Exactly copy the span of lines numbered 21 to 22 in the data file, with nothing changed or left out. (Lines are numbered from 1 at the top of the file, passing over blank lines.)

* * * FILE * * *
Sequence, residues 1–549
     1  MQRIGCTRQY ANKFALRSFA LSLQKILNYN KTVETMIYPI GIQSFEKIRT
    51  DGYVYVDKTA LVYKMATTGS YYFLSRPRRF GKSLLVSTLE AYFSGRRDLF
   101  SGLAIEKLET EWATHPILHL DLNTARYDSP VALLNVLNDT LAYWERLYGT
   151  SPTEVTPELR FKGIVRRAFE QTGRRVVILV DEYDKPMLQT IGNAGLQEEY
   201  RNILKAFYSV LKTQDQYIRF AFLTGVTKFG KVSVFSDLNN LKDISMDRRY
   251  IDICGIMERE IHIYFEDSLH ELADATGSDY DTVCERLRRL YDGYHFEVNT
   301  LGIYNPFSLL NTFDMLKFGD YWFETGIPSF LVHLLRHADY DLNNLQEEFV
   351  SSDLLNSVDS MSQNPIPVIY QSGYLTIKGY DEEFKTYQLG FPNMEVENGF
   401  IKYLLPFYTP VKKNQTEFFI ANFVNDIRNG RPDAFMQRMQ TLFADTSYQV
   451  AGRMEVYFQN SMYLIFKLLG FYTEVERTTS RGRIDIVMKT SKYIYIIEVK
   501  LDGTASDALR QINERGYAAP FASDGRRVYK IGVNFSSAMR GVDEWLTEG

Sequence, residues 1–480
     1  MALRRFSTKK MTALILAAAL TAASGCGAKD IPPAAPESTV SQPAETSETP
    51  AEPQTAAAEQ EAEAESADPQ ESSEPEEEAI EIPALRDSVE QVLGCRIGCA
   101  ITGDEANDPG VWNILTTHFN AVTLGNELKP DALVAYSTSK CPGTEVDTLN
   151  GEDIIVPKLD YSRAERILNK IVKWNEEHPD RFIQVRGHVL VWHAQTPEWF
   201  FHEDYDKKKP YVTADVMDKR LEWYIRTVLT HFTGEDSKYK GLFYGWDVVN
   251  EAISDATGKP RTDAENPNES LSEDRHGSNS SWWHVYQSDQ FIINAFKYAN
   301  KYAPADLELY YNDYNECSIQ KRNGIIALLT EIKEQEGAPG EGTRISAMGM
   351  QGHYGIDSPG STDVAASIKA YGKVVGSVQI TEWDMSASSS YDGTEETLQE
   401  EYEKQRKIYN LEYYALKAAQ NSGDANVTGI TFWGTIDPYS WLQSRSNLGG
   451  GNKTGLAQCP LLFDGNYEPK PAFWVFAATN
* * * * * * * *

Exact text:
   351  QGHYGIDSPG STDVAASIKA YGKVVGSVQI TEWDMSASSS YDGTEETLQE
   401  EYEKQRKIYN LEYYALKAAQ NSGDANVTGI TFWGTIDPYS WLQSRSNLGG